Well, it’s here again. The country’s biggest sporting event is about to bombard you with targeted advertising, find new and creative ways to separate you from your money, and in general be so in your face that you wouldn’t mind relinquishing it for that root canal that you keep pushing off. Yes, the IRS and its associated industries are revving up for tax day. But let’s not blame them. They perform the thankless task of providing the country with the funding it needs to carry on essential services. (Non-essential services (i.e. most of the government) is something we can talk about whenever Congress gets back from its vacation.) Those in the know actually feel bad for IRS management as their budget has suffered some incredible cutbacks, while at the same time receiving the brunt of the taxpayer’s enmity for not preventing fraud or implementing better accounting systems. The IRS, however, is not today’s topic. Instead we’re going to focus on the taxes they (don’t) collect. In a recent Forbes article, Howard Gleckman lists the top 10 worst tax ideas of 2014. Here are three of the most egregious.
Although viewers are still king, film production is increasingly being influenced by state specific tax credits. The way it works is simple. A state looking to become a prime location for movie making can make itself attractive to production companies by offering tax credits. What’s “great” about these credits is the fact that they are transferrable. That means that if a film doesn’t rack up enough of a tax bill to use all the credits, the remaining credits can actually be sold to other (non-film) companies at a discount. In essence the state is subsidizing movie production by taking a hit in their general tax base. As if the plethora of bad movies made wasn’t enough of a punishment itself!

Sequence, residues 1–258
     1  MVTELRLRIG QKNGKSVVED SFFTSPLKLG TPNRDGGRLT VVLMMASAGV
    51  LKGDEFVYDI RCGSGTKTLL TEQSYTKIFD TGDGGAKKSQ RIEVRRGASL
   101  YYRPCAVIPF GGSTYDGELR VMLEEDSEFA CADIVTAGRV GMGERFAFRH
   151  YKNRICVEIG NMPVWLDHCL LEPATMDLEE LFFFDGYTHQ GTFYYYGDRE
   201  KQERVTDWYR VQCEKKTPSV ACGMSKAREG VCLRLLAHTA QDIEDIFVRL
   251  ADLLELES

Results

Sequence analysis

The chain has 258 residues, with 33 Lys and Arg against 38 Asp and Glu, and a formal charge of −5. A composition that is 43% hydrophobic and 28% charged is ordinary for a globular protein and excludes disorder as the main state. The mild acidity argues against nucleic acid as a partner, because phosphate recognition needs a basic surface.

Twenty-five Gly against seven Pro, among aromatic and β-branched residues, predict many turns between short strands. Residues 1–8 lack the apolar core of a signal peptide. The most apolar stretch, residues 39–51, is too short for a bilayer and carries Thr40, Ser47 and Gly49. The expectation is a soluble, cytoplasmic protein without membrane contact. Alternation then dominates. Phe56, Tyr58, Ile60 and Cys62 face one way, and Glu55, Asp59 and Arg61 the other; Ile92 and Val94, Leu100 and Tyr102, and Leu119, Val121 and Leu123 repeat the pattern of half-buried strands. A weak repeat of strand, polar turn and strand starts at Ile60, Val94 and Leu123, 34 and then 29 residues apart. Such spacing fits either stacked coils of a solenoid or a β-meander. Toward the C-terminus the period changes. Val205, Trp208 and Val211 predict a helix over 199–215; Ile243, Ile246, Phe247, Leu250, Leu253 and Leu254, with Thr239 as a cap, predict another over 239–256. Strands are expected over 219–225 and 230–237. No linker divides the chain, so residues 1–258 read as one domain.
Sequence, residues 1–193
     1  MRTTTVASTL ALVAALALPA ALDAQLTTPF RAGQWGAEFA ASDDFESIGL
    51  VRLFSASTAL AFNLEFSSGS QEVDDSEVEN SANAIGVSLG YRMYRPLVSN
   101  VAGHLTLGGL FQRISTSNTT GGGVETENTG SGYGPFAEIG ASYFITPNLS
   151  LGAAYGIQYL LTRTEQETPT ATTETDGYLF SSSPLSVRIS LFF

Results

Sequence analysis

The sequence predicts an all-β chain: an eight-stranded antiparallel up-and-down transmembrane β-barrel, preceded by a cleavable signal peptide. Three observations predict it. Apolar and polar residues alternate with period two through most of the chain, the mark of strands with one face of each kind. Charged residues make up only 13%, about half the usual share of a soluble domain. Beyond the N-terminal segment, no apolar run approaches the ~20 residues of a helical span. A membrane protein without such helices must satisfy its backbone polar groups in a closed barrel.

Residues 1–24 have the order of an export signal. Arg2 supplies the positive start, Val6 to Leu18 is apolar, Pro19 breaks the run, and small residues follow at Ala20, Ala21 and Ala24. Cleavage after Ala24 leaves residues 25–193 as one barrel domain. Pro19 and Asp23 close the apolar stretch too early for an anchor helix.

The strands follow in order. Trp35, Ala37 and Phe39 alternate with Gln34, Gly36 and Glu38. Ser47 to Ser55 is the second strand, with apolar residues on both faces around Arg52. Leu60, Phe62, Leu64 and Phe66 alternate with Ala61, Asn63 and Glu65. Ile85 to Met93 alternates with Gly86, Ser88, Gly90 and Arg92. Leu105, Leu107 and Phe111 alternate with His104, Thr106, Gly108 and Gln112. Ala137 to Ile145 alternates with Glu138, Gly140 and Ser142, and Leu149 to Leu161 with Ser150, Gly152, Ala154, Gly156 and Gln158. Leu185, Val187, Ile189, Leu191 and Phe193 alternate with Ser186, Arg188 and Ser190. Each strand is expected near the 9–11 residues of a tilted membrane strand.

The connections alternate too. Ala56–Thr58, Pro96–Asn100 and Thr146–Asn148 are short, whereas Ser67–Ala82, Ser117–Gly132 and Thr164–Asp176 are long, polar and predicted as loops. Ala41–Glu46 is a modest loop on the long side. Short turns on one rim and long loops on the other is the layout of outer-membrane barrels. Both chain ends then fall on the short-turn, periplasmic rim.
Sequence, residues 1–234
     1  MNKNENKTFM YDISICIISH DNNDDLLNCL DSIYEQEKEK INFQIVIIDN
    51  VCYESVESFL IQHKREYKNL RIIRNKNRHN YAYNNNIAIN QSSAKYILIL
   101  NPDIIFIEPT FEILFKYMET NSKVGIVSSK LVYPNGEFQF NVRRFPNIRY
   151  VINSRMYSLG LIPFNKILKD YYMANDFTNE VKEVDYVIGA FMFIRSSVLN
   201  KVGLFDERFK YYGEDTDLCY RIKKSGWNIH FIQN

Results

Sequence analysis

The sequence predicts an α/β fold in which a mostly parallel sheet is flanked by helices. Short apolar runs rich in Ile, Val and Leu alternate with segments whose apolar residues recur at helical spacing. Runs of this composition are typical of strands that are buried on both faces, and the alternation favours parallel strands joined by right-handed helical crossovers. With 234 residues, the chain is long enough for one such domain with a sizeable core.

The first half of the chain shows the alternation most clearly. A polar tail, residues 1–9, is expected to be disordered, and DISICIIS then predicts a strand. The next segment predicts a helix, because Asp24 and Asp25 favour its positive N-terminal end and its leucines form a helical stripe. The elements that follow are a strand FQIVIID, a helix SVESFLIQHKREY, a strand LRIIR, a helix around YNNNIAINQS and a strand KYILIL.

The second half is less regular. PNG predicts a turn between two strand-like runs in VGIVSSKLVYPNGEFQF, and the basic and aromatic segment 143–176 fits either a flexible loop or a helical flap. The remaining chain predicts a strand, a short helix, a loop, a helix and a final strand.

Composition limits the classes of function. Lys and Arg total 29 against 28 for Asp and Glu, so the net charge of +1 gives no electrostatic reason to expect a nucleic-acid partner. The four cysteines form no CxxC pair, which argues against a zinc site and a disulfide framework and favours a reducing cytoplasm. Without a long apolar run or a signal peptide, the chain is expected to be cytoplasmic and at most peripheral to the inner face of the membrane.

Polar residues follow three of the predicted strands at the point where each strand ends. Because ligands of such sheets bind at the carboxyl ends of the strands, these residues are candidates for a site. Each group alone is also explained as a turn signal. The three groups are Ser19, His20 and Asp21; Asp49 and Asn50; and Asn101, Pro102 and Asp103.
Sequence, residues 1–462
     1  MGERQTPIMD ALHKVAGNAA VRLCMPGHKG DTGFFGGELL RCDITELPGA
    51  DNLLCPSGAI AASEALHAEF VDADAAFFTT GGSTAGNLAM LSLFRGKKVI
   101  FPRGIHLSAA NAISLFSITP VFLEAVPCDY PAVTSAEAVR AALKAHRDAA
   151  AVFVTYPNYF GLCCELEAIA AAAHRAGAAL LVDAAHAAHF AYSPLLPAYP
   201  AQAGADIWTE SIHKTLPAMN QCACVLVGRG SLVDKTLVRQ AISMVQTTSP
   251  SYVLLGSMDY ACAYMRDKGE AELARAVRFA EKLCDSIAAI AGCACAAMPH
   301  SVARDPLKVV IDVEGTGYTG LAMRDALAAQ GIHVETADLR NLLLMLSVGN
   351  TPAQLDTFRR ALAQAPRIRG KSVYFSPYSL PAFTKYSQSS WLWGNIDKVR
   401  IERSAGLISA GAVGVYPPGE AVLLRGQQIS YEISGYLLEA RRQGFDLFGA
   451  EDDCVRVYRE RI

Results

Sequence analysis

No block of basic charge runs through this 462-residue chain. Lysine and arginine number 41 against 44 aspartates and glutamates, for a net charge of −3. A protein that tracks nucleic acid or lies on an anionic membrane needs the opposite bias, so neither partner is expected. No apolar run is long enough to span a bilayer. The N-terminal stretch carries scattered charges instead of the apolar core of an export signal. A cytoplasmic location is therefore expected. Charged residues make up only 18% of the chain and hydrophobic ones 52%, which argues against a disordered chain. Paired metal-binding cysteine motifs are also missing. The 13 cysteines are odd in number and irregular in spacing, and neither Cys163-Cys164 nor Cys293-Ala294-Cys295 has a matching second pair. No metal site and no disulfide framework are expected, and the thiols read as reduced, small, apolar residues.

Obviously tax reform itself is a great idea. The reason why it’s on this list is because of its apparent departure from the realm of the practical and subsequent solid landing in talking point limbo. When Dave Camp, Chairman of the Ways and Means Committee, proposed a serious restructuring, Speaker John Boehner responded literally by saying “Blah, blah, blah, blah.” Mitch McConnel seconded the notion with a few more words: “I think we will not be able to finish the job, regretfully. I don't see how we can." And this was during one of the few moments when Congress was not on vacation.
You know it’s bad when the program title itself sounds like a corporate gimmick. “Pension smoothing” is the illusory raising of tax revenue by allowing companies to push off pension contributions, thereby lowering their deductions for the year. This means that for a short time the government gets to count more money in its coffers. The catch is that eventually the companies will make the required contributions and they’ll receive the full set of deductions at that time. Net tax revenue gain? Zero. (And that zero is being presented as the funds available for national infrastructure projects. Yeah!) At this point feel free to take a swig of your favorite amber colored liquid and call it a day. You need your rest. After all, it’s almost Tax Day.
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